Capsule Stage Reviews: From My Hometown, Nunsense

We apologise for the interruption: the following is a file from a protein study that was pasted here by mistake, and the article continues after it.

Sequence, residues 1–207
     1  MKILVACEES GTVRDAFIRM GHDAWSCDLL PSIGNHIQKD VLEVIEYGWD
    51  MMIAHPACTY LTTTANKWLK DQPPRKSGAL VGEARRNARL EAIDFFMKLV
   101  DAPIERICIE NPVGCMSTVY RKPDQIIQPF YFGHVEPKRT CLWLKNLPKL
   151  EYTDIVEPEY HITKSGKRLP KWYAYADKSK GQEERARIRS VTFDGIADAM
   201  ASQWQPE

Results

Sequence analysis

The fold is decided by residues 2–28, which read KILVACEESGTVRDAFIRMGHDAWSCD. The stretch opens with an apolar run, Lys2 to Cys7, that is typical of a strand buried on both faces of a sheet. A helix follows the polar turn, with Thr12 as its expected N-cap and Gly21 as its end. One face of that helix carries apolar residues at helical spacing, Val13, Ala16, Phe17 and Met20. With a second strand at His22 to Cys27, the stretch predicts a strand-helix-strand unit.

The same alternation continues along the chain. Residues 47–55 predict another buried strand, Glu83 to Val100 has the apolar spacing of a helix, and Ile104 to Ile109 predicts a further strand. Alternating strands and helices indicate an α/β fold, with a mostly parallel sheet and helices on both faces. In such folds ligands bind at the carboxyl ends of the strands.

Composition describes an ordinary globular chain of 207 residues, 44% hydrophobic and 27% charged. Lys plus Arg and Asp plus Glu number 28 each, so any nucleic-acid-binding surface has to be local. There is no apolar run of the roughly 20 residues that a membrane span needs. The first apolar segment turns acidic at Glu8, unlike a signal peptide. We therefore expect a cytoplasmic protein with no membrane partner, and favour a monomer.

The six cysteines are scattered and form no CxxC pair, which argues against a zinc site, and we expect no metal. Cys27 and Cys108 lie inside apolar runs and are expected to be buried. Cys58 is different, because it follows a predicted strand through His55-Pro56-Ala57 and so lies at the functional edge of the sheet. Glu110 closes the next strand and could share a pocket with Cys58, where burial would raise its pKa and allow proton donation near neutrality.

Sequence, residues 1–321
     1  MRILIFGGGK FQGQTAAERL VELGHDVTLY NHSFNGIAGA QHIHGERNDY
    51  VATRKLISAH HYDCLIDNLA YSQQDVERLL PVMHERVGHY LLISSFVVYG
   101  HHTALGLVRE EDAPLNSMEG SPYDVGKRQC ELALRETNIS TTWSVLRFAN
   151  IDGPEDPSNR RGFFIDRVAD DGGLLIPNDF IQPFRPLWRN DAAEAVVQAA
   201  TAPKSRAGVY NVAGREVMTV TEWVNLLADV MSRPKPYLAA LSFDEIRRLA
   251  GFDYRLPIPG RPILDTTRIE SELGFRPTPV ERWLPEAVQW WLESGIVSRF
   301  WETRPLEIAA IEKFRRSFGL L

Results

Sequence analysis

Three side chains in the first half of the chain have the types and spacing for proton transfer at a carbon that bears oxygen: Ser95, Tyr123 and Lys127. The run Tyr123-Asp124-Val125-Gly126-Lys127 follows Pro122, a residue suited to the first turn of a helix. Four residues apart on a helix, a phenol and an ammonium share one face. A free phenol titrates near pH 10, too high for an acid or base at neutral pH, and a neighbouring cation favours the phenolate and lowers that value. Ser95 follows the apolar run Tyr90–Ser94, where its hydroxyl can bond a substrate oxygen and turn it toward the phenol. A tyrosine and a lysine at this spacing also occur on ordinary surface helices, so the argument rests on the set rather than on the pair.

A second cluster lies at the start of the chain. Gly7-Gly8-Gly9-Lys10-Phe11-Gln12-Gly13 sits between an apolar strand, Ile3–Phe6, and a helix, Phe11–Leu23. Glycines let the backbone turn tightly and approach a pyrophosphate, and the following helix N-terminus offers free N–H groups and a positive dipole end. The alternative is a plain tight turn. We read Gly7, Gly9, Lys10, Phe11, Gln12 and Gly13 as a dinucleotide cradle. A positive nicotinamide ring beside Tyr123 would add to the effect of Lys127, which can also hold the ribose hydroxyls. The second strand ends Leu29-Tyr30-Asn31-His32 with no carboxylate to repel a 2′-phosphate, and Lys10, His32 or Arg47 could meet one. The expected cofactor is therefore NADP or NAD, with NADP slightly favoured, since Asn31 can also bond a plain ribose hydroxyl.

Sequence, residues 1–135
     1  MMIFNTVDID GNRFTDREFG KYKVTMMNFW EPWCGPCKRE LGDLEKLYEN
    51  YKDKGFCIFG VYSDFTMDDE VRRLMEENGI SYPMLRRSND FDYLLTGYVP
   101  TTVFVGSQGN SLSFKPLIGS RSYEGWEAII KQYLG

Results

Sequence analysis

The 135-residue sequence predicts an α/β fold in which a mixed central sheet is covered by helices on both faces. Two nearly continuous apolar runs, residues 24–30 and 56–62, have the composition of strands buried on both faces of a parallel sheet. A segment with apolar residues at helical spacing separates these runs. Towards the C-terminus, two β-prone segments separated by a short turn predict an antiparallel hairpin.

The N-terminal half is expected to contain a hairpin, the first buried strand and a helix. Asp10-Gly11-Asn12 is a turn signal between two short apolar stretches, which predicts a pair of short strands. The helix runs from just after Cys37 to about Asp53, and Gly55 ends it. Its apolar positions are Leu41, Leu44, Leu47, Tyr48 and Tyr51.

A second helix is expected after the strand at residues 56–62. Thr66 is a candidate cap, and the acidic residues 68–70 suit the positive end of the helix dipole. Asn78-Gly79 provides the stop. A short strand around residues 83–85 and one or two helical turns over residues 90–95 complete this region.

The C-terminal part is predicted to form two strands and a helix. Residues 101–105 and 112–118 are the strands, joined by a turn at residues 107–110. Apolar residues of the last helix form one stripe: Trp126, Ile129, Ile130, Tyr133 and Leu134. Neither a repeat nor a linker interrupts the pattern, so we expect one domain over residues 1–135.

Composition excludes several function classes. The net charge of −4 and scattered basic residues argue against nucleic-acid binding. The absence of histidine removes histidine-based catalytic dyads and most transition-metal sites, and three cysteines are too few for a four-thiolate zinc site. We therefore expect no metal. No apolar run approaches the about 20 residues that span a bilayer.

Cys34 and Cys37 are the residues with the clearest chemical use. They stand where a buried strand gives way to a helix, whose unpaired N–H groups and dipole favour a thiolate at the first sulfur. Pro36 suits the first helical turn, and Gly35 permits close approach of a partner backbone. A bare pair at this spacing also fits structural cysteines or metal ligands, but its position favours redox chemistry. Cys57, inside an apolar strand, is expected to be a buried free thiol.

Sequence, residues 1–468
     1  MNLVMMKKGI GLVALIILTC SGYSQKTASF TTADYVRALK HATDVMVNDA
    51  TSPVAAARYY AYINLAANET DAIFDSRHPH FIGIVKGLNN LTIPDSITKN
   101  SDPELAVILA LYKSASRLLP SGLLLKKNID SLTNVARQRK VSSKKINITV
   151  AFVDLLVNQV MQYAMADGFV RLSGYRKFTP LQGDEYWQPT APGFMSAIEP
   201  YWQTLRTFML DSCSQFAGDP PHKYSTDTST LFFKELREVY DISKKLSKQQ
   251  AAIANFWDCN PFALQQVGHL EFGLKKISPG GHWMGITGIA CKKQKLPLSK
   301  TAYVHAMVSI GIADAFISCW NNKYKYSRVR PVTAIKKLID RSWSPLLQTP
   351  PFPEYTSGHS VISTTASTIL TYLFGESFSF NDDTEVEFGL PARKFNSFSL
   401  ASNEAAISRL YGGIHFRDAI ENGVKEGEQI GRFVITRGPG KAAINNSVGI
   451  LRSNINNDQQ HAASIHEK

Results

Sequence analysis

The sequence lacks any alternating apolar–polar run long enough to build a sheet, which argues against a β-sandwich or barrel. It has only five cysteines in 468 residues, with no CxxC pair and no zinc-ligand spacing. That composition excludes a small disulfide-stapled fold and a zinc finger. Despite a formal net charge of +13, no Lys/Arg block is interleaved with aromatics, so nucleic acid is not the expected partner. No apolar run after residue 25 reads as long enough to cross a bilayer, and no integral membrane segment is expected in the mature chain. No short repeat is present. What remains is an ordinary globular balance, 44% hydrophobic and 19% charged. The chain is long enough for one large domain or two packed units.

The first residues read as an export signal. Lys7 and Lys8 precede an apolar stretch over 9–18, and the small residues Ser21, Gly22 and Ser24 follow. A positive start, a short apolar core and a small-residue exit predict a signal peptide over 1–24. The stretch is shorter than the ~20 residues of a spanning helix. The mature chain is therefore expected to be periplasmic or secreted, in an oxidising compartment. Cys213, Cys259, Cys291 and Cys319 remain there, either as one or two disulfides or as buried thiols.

From My Hometown Three male performers, known by their hometowns, meet on the way to callback auditions at Harlem's famed Apollo Theater. Act One introduces them, and Act Two does more of the same, before skyrocketing them to success as a trio. Their story is told in dialogue and music, some original, and some R&B's greatest hits. "Memphis" is played by Anthony Boggess-Glover, a 25-year veteran of the Ensemble Theatre, who has an imposing stage presence, an engaging smile, and can dance up a storm. His charm anchors the evening. "Detroit" is portrayed by Jobari Parker-Namdar, younger and with some of the poise and flash of a young Sinatra and the dance authority of Michael Jackson. His character is edgy, with an overtone of arrogance, but invariably interesting. Ron Jonson plays "Philly" — written as a bit of a bumbler, and compelled by the script to be less adroit as a dancer, though he has the moves when needed. He is naïve, eminently likable, and completes the triumvirate of vastly different performers having one thing in common — the dream of success. These are talented singers, and skilled actors as well — their rich performances bring to life a predictable script largely devoid of surprises, as seamless rhythms carry us along on waves of pleasure. "Working in a Coal Mine" and "Chain Gang" strike a serious note, while "Walkin' the Dog" and "I'm Your Puppet" hit exuberant themes. Much of the music consists of original songs by the multitalented Lee Summers, who conceived the show and brought in his collaborators, Ty Stephens and Robert Rawlings, Jr. The show is brilliantly directed by Ensemble's Patdro Harris. With a better Act Two, what is already more than good could be great. Don't miss it. Through July 28. 3535 Main, 713-520-0055. — JJT